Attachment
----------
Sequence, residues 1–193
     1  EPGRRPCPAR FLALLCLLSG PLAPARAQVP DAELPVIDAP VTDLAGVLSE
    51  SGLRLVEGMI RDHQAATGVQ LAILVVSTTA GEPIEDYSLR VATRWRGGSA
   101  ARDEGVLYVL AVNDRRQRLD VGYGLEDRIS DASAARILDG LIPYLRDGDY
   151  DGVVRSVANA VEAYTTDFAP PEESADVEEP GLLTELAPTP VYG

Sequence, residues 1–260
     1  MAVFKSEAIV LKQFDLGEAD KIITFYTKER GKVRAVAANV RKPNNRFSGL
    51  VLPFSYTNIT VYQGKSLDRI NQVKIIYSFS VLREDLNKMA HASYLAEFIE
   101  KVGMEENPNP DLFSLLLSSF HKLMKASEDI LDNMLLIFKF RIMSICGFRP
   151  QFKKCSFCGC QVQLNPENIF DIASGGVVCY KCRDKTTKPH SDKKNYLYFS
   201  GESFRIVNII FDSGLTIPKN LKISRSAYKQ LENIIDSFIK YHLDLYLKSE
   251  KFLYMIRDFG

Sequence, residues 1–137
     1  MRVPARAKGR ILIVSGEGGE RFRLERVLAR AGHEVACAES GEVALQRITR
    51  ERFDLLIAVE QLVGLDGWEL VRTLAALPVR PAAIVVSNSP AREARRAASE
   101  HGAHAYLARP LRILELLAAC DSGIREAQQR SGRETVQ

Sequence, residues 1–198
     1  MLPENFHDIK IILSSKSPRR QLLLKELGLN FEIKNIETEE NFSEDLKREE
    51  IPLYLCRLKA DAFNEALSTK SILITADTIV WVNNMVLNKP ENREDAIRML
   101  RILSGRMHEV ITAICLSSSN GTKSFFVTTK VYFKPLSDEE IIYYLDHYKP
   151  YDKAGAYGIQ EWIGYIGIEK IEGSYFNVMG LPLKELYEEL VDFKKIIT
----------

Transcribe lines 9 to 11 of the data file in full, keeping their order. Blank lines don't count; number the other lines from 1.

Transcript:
   101  KVGMEENPNP DLFSLLLSSF HKLMKASEDI LDNMLLIFKF RIMSICGFRP
   151  QFKKCSFCGC QVQLNPENIF DIASGGVVCY KCRDKTTKPH SDKKNYLYFS
   201  GESFRIVNII FDSGLTIPKN LKISRSAYKQ LENIIDSFIK YHLDLYLKSE